The Samsung Galaxy S22 Plus is the high-end Android phone most shoppers in the US should buy in 2022. The Plus, and the smaller-but-similar standard S22, aren’t perfect. Battery life, for one, is a weak point, and that’s something to consider seriously. There are better options if you’re looking for something a little more stylish or with a few more bells and whistles. But the vast majority of people who are just looking for a fast, reliable Android device to hold on to for the next few years need to look no further than the S22 duo.
They’re also two of a precious few options we have Stateside, which makes this recommendation sound like a backhanded compliment. But they also happen to be really good phones capable of handling just about any task you can throw at them, with top-notch cameras and the best support policy you can get for an Android phone on this continent.
It’s also worth stressing that these are iterative updates to the S21. There are some welcome improvements to the camera capabilities, the latest Qualcomm chipset, and… that’s kind of it. They’re nice upgrades but nothing that should compel an S21 owner to trade in their current phone.
The S22 and S22 Plus offer flat displays with modest bezels and slightly curved rails. The glass back panel has returned after the S21’s stint with a “glasstic” rear, and both phones are IP68 rated. The whole thing feels solid, understated, and a little fancy. Last year’s design was a little bolder, with metal camera bumps blending seamlessly into the rails, but I like this toned-down approach. I’m also a fan of the handsome green color option, which I didn’t expect to like so much.
The S22 Plus has a bigger 6.6-inch screen, while the S22 feels downright petite in comparison with its 6.1-inch display. (Don’t read that as the S22 being “small,” but it’s about as small as you can get in the Android world at this point.) Both are 1080p OLED screens with up to 120Hz refresh rate, but the S22 Plus’ features a peak outdoor brightness of 1750 nits versus the S22’s 1300 nits. Both are bright enough to use comfortably in direct sunlight.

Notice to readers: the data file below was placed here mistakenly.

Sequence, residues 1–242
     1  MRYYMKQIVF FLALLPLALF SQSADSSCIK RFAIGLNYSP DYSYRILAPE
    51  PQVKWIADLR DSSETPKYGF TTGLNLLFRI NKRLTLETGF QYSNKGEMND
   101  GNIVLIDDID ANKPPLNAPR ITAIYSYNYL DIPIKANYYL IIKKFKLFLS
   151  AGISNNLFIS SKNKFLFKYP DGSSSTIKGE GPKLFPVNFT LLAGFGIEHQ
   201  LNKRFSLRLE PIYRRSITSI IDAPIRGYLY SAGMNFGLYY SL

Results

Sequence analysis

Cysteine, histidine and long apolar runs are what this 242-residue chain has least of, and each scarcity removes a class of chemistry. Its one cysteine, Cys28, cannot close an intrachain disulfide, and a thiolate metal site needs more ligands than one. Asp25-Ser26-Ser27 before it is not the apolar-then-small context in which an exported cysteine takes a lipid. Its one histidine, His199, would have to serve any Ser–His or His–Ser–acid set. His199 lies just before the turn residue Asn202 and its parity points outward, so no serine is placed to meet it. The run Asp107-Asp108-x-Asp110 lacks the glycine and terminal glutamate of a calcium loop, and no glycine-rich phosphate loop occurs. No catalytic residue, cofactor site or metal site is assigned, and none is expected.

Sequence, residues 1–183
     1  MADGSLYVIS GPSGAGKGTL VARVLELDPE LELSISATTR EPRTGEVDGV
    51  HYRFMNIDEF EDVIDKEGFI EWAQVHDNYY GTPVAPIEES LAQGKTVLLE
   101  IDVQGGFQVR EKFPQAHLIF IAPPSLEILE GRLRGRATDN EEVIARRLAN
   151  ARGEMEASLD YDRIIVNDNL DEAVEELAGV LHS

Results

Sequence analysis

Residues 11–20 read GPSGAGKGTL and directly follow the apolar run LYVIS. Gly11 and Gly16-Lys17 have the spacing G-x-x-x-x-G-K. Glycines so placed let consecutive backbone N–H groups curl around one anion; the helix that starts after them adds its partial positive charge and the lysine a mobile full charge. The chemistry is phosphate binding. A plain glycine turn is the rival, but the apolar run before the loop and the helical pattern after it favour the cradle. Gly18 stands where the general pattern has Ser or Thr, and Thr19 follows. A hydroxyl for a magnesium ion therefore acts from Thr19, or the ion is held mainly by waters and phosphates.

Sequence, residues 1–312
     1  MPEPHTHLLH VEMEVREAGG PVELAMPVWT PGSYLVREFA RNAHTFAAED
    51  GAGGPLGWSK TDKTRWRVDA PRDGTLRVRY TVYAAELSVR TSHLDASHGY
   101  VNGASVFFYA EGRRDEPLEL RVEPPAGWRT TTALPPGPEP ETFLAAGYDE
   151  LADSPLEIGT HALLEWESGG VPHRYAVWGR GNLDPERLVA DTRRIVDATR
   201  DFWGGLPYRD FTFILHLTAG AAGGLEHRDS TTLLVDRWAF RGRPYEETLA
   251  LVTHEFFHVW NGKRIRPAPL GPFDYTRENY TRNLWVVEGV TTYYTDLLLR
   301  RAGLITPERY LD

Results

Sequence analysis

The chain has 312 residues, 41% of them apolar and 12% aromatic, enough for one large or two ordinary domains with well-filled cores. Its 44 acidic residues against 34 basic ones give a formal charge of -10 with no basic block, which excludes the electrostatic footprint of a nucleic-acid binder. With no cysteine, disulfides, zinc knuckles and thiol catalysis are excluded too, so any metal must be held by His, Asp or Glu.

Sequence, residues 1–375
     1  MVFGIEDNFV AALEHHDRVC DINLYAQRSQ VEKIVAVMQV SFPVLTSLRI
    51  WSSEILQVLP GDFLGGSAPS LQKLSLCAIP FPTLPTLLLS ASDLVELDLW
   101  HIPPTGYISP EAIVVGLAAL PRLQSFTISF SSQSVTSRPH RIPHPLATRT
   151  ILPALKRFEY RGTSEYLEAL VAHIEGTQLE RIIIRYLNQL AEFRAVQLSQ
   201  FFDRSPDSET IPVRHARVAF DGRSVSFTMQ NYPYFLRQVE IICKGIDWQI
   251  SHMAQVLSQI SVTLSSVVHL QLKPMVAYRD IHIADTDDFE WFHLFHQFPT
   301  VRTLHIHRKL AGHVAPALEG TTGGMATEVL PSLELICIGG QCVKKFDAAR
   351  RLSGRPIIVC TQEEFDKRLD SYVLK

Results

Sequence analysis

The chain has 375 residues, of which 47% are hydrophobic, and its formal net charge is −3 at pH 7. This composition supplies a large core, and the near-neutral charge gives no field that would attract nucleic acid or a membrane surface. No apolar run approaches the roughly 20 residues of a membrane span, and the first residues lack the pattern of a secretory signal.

In any conditions, they’re very good screens. The fast refresh rate makes the experience of using the phone to scroll through social media and flip through menu screens smooth and polished. Samsung knows how to make a good OLED, with rich blacks and vivid colors, and it has outfitted both phones with such a display.
I’m less positive on battery life. When I tested the S22 Ultra, the battery drained faster than I expected, though I was able to get through even a day of heavy use. The S22 and S22 Plus seem to draw power even faster. The little S22 also gets a smaller 3,700mAh battery versus the Plus model’s 4,500mAh cell.
I saw the S22 battery take an alarming plunge from 30 percent to 20 percent over half an hour of downloading apps and logging into accounts, and in a day of typical use, the S22 was down to 58 percent by 3PM. That’s without even really trying to push the battery in any challenging way, like streaming video or playing a game. Downloading and playing Genshin Impact for about 30 minutes brought that percentage right down to the low single digits. The S22 Plus doesn’t fare much better. Though it has a bigger battery, there’s also a bigger screen to power, so stamina feels about the same.